Three interesting somewhat related things to read:
Chris Cillizza wrote his The Fix column today on John Edwards's "Two Americas" speech and how President Obama could use that populist message in the election.
Donald L. Barlett and James B. Steele wrote "Big boost for Chinese steel," published in Sunday's Inquirer. This is well worth reading. It discusses the shift of steel production to China. Steel can be made more cheaply there but there are consequences, as they point out in the case of a California bridge:
That did not take into account the wages lost by steelworkers and ironworkers who otherwise would have been employed on the project. It did not take into account the taxes those workers would have paid - from California income tax to Social Security and unemployment taxes. It did not take into account the multiplier effect, all the related benefits derived across the economy from the daily purchases made by people with jobs. It did not count all the state and local taxes that employed workers pay for schools and highways. Nor did it take into account all the tax revenue that California and local governments had to expend for unemployment, health care, and other costs run up by people who have no jobs.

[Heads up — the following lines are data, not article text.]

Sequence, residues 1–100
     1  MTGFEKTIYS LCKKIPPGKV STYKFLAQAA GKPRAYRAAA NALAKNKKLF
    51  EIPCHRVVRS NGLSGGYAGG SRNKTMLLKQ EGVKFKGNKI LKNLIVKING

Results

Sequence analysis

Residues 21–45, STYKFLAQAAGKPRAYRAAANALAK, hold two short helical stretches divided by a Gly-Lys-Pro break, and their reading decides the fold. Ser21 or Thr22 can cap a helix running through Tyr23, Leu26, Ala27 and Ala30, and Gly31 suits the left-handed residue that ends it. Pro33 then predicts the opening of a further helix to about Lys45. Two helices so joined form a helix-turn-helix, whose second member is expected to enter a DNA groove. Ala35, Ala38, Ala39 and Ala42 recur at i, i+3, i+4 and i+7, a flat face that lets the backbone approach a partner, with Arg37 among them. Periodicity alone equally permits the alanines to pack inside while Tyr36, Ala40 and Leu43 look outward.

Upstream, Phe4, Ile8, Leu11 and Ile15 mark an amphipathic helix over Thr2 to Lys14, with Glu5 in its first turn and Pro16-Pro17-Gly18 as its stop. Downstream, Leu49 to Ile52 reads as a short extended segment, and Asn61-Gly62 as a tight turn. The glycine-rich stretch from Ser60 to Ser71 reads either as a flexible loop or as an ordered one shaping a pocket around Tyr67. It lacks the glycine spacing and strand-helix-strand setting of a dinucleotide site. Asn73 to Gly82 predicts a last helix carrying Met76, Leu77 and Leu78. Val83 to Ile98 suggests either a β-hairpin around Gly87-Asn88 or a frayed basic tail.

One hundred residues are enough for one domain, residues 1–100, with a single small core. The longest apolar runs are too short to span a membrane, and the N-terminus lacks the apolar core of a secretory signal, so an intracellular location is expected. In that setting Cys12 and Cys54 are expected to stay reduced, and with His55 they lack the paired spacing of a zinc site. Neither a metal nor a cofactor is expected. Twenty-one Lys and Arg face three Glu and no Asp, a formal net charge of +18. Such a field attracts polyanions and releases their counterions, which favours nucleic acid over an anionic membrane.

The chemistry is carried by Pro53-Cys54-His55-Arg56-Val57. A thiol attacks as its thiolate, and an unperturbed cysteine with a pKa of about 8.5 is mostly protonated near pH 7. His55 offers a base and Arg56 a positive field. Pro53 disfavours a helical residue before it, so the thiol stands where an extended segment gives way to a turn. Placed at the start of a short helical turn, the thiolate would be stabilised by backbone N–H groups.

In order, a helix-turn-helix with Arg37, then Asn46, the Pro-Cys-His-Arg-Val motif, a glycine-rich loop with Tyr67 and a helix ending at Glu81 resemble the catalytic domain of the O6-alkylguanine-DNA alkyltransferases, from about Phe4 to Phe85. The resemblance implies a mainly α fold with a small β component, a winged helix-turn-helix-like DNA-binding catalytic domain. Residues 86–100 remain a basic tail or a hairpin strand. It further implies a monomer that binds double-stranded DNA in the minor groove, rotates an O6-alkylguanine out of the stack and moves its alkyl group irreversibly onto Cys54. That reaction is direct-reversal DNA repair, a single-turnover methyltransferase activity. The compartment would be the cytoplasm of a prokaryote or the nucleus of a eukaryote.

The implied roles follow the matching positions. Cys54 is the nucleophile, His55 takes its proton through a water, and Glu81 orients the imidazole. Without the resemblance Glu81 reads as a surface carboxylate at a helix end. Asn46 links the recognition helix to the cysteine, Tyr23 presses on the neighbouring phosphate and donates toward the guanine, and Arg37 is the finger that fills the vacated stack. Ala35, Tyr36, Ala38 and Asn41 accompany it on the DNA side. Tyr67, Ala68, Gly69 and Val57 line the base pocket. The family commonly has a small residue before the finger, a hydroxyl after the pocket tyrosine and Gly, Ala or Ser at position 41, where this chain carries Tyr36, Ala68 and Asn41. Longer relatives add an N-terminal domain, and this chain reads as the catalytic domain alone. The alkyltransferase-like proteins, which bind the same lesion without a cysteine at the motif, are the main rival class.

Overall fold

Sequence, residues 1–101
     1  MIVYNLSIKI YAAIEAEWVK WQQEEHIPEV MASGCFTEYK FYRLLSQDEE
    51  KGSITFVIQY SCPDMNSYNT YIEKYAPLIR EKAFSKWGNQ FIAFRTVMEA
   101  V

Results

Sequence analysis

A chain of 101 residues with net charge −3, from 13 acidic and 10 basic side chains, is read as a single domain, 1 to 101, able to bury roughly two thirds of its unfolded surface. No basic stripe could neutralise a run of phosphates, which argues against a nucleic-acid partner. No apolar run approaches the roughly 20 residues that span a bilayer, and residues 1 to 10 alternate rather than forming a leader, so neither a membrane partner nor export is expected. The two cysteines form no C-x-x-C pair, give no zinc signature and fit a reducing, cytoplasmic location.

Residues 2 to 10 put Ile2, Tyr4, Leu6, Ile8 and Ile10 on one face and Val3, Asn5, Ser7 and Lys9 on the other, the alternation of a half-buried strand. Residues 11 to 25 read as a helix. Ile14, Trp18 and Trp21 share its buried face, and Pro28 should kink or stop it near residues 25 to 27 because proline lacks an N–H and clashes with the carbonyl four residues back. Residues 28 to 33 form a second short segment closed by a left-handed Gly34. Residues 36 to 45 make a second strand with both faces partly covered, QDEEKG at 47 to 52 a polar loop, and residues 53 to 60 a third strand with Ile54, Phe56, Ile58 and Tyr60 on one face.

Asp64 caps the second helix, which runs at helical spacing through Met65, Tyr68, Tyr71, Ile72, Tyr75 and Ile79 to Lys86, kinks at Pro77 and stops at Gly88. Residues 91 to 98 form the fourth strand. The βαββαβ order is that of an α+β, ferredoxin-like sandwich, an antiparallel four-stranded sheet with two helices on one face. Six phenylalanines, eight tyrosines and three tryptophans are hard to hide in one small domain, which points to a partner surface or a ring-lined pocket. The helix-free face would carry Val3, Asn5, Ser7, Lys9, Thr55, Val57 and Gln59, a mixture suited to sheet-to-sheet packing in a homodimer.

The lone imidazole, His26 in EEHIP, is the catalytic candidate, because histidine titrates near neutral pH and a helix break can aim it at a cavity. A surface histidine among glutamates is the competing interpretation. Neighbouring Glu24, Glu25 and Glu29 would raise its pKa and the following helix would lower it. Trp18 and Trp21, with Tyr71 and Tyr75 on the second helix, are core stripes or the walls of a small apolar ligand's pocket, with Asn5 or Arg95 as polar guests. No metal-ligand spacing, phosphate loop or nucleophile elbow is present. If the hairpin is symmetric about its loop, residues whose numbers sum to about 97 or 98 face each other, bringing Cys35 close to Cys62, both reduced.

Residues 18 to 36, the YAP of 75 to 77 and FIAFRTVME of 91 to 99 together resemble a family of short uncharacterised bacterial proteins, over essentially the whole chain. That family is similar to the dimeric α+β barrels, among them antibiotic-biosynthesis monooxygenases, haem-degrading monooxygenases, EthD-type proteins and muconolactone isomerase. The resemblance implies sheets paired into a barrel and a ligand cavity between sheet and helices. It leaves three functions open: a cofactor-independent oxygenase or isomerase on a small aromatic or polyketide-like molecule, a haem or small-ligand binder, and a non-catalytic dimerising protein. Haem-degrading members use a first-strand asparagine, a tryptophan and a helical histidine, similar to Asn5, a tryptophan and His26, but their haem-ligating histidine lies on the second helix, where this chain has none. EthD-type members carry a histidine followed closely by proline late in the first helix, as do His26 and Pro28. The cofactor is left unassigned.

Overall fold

Something not quite similar but still related, in the political arena, "State for sale," by Jane Mayer in the October 10, New Yorker, discusses North Carolina Republican Art Pope and his influence not only on that state's Republican party but on the state political scene. His use of think tanks, advocacy groups, and direct political contributions is one example of why some people are concerned about the Citizens United decision and campaign finance.